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Thanks to the Shutdown, We Finally Got Some Zero-Based Budgeting!

Posted: October 5, 2013 at 9:00 am   /   by

It was a clumsy way to get there, but thanks to the government “shutdown”, we finally have some zero-based budgeting at the federal level — even if only for a few days!

Folks, there are 479 (that’s FOUR HUNDRED SEVENTY-NINE) federal agencies and departments.  Have some fun by clicking this link and you can see all of them listed alphabetically by name.  Each name is itself a clickable link, and you can read about what some of these arcane outfits ostensibly do to serve We the People.

Impressed? For me, it’s more like nauseated. Sure, some on that list are critical, expensive, and part of Constitutionally defined federal government responsibilities like the Department of Defense. Others are expensive and have failed badly at their assigned missions, like the Department of Energy, the Department of Education, and the Environmental Protection Agency.

Why do we go on paying for those monstrous failures, you might ask?

The glib answer is:  Because we always have, and it’s just too much trouble to shut them down. 

Plus: Don’t you care about children? Don’t you care about the environment? Don’t you care about independence from Middle East oil? Don’t you care about the hundreds of thousands of federal government employees who fill those huge buildings?  Do you want to throw them out of work? Wouldn’t that hurt the economy?

ZBB1From time to time, our lawmakers have attempted to force zero-based budgeting (ZBB) on at least part of the federal budget. Under that accounting approach, a department or agency budget would start each fiscal year at ZERO, and the agency would have to (re)justify getting any budget at all every year.

Actually, that sounds pretty good, no?  For example, I would like the 479th agency in that alphabetical list, the Woodrow Wilson International Center for Scholars, to not be funded automatically for the following year. I’d like Congress to do its job (damn it!) and review every agency they fund as if they were spending their children’s money on it. The fact is, they are.

Of course, in principle, that Woodrow Wilson International Center for Scholars budget could be explicitly reviewed, but to run that exercise for all those agencies would be a nightmare. They all have constituencies somewhere, as well as a House representative who thinks it’s his/her job to look after them. And given that it now takes Congress 30 days just to make instant coffee, can you imagine how long the debates would last?

Nah, it’s easier just to fund everything year after year, and that’s pretty much what Congress has done — fund all of it. And it helps the representatives get along nicely with each other.  “I won’t attack your district’s agency if you won’t attack mine.”  That’s the unspoken agreement. And that’s a big reason why the feds almost always spend more than they take in. And that’s why we, our children, and our grandchildren now have $17,000,000,000,000 (seventeen trillion dollars) in debt.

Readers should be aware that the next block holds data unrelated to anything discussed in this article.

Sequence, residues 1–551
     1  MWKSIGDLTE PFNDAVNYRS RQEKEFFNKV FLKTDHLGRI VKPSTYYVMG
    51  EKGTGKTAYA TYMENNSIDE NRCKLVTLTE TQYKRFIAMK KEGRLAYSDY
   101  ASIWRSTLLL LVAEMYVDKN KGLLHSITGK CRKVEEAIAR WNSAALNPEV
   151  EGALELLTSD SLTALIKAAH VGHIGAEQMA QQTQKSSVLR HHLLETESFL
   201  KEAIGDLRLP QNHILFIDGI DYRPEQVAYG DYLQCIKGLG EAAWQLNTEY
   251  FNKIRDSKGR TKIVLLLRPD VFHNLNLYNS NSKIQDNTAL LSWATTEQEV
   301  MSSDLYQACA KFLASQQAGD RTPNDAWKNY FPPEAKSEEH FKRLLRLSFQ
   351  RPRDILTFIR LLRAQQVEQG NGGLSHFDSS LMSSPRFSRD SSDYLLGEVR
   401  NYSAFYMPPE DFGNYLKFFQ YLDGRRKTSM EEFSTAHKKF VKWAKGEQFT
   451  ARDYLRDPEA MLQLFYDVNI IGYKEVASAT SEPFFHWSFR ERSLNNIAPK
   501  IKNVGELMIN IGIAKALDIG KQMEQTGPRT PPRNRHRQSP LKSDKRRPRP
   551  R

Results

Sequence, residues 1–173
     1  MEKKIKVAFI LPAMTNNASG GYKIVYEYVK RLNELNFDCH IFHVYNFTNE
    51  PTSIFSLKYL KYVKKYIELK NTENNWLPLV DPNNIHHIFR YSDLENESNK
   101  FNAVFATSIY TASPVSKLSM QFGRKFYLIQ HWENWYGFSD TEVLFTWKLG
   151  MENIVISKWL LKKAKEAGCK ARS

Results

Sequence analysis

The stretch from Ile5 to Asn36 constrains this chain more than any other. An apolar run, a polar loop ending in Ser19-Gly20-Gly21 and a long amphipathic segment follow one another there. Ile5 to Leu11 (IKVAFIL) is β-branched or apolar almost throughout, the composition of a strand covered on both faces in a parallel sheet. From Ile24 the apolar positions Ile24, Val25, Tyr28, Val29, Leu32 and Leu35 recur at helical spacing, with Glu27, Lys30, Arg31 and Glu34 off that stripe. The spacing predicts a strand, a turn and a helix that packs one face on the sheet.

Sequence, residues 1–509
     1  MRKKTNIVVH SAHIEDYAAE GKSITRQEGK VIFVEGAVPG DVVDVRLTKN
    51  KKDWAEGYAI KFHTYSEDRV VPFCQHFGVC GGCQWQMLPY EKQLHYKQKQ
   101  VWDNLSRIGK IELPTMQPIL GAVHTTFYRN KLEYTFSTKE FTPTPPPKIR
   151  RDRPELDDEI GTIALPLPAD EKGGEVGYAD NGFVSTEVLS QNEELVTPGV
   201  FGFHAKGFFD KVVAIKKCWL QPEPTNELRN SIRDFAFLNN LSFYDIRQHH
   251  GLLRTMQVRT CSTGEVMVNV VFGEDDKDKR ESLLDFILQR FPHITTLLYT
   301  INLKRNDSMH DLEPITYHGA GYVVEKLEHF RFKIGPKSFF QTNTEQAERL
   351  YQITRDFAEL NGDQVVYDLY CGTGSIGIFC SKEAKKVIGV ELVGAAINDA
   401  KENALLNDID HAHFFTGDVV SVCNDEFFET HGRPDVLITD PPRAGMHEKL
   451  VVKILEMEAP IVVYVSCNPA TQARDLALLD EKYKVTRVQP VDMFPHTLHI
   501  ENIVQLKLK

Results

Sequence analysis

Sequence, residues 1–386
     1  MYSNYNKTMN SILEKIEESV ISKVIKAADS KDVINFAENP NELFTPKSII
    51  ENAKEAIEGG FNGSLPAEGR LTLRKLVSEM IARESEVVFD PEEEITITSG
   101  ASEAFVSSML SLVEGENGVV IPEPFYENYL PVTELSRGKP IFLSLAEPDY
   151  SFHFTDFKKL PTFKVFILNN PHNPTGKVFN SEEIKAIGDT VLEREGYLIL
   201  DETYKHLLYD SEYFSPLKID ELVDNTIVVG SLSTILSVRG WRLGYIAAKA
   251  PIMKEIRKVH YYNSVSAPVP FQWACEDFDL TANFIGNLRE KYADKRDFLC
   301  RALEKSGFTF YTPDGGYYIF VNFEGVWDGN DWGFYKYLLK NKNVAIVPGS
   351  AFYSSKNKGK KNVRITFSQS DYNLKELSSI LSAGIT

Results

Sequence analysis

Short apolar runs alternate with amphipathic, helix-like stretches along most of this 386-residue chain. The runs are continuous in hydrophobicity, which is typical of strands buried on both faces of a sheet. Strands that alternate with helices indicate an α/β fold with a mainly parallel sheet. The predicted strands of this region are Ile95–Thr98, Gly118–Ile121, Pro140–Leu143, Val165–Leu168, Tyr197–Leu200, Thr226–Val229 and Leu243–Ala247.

us-debt-graph-2020But suddenly — for this brief shining moment — it’s all changed.

Congress and the president have stumbled onto zero-based budgeting. Instead of funding everything, they’ve defunded everything. and they’re setting about to put the funding back on a one-at-a-time exception basis. As taxpayers, we should insist that they keep doing it this way.

I really like it. It’s kind of an “EVERYBODY OUT OF THE POOL!” approach. It reminds me of what some doctors do when they try to treat an ill patient who is already on a couple dozen different medications. The doctor’s first step is often to stop all medications and put them back one at a time.

Why not keep this up?  In other words, instead of defunding agencies by exception, defund all the agencies, en masse and re-fund them one-at-a-timeon an explicit ad hoc basis. And take your time, guys. No rush. Do it right. Give We the People time for some input.

My compliments to Speaker Boehner for his good words in the video above.  He doesn’t mention zero-based budgeting by name, but he does define the problem that ZBB would address. However we got here, maybe we’ve finally found the path back to fiscal sanity(?).


David Leeper

David Leeper

David Leeper began writing for in January, 2011. His 40-year career in engineering includes senior- and officer-level positions at ATT Bell Labs, Bellcore, Motorola, and Intel. Now retired, he lives in Scottsdale, AZ, with his wife of 44 years. Both are active in volunteer work and politics. David is a volunteer science teacher at Before WesternFreePress, he wrote for technical journals including Scientific American. He holds 16 patents in telecom technology and a PhD in electrical engineering from the University of Pennsylvania.
David Leeper